Changing your cookie settings
All browsers provide tools that allow you to control how they handle cookies: accept, reject or delete them. These settings are normally accessed via the 'preferences' or 'options' menu of the browser you are using. Read more...
The Newcastle to Carlisle railway, now known as the Tyne Valley route, was the first cross-country railway when it opened in 1838 and provides access to the Heart of Hadrian's Wall.
Although considerably updated to cope with current rail traffic and providing a frequent passenger service linking Newcastle and Carlisle as well as Hexham and Sunderland / Middlesborough it still contains a tremendous amount of historic infrastructure along the line.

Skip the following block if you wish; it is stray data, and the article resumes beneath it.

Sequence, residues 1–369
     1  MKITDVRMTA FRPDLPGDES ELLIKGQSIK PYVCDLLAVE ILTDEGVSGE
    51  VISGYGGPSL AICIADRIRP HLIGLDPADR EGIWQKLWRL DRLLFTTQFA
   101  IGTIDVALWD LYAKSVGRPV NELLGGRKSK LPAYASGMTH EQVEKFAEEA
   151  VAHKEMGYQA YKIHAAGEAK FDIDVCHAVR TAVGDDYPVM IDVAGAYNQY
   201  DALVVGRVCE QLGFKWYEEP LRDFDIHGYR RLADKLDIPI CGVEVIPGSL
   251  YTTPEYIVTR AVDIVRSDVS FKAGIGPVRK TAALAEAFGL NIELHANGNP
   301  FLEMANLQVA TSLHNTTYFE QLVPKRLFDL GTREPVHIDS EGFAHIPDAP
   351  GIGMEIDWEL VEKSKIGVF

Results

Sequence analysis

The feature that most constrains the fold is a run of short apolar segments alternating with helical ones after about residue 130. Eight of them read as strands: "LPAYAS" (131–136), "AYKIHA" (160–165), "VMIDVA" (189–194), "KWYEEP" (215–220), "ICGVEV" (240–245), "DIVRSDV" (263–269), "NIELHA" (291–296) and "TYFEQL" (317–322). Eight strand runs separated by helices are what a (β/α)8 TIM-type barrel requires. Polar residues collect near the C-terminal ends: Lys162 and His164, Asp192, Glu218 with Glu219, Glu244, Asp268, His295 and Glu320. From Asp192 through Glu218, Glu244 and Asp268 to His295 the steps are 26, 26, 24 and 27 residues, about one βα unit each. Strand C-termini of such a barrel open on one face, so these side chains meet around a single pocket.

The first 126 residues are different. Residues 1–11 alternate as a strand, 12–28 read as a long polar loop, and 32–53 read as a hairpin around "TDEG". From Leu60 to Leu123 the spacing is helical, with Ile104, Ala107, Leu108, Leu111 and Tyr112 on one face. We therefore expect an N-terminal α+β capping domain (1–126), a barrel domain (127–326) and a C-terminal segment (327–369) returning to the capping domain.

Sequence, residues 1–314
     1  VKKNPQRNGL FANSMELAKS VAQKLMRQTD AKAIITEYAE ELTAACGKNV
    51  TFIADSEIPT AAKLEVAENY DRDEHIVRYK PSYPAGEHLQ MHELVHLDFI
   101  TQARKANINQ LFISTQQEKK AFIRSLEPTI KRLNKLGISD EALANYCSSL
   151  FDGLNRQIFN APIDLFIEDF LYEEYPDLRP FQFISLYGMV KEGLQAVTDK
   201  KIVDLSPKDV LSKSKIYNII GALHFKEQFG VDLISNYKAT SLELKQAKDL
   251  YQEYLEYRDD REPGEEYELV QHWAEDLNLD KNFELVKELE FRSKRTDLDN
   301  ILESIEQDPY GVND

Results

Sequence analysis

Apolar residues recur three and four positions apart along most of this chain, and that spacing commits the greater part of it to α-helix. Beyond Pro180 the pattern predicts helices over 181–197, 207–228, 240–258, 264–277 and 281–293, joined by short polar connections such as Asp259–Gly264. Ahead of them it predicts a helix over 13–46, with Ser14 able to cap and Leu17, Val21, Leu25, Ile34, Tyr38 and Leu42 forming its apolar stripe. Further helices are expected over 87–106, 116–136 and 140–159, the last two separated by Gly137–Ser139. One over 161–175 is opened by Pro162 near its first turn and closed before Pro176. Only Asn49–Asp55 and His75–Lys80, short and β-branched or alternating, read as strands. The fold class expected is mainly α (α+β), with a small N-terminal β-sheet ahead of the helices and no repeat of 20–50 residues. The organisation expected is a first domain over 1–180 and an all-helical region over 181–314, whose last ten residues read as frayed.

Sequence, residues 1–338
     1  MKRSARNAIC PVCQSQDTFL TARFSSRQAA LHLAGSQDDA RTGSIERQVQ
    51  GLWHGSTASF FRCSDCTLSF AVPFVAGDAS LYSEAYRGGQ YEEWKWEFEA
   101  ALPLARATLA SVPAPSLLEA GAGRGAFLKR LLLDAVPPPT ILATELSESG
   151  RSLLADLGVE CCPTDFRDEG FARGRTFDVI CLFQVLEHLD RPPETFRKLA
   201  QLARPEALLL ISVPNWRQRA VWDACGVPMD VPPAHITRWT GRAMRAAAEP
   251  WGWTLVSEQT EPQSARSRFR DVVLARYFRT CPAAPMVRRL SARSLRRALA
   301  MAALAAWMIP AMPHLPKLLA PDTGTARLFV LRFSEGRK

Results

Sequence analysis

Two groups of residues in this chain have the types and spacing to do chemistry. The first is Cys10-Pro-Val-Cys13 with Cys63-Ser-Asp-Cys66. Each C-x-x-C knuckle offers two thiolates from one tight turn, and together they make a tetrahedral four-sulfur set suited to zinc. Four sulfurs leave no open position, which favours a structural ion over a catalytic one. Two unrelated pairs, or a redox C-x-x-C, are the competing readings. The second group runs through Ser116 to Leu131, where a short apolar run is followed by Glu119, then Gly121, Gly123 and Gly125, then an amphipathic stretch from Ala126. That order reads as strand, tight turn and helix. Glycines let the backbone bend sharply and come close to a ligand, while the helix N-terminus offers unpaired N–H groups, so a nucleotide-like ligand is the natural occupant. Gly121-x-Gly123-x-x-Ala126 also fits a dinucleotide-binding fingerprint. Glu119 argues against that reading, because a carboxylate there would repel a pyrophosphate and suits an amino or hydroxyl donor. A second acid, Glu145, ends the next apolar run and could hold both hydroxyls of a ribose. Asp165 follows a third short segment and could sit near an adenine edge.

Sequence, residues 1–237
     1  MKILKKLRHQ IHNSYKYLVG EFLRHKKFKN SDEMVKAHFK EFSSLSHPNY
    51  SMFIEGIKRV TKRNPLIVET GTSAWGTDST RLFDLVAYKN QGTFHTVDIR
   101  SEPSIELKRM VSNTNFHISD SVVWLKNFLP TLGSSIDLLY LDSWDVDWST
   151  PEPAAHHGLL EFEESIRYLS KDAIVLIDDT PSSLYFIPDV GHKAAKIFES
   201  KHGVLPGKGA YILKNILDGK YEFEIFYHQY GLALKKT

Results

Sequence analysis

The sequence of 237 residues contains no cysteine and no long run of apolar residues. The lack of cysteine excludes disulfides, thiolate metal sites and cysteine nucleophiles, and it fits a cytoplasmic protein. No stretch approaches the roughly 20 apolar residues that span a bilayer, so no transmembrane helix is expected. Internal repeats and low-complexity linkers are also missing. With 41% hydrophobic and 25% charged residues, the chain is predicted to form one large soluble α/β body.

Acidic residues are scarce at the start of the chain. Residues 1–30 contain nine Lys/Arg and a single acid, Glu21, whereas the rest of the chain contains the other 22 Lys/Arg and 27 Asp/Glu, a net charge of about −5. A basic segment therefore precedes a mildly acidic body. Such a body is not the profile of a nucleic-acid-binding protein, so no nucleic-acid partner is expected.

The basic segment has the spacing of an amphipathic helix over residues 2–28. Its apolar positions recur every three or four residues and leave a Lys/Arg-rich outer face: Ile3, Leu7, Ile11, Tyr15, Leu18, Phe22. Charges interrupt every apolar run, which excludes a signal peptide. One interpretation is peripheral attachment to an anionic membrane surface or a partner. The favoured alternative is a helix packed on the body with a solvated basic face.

There are many locations where this railway history can be seen but some of the main ones include Haltwhistle for the signal box, water tower, station buildings and Alston Arches, Greenhead for the oldest extant engine shed (not now used as an engine shed), Hexham for station and signal box and Wylam signal box.
Helping to keep the north's railway heritage alive there are a number of preserved and historic railway sites across the North East, mainly volunteer led helping to keep alive our railway heritage, and Northern Cumbria, which can also boast two of the most scenic rail routes in England. More details can be found below.